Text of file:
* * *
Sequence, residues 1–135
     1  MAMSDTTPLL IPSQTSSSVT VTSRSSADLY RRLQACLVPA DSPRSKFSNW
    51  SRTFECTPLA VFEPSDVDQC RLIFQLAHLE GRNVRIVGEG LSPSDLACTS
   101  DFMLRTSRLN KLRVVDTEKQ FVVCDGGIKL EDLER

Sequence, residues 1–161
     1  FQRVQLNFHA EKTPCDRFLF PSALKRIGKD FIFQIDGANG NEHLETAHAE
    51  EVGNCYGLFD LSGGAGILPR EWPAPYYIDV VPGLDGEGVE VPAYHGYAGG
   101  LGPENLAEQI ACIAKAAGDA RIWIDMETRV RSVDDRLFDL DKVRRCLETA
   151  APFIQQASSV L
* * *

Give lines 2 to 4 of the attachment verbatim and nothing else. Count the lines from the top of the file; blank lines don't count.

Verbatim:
     1  MAMSDTTPLL IPSQTSSSVT VTSRSSADLY RRLQACLVPA DSPRSKFSNW
    51  SRTFECTPLA VFEPSDVDQC RLIFQLAHLE GRNVRIVGEG LSPSDLACTS
   101  DFMLRTSRLN KLRVVDTEKQ FVVCDGGIKL EDLER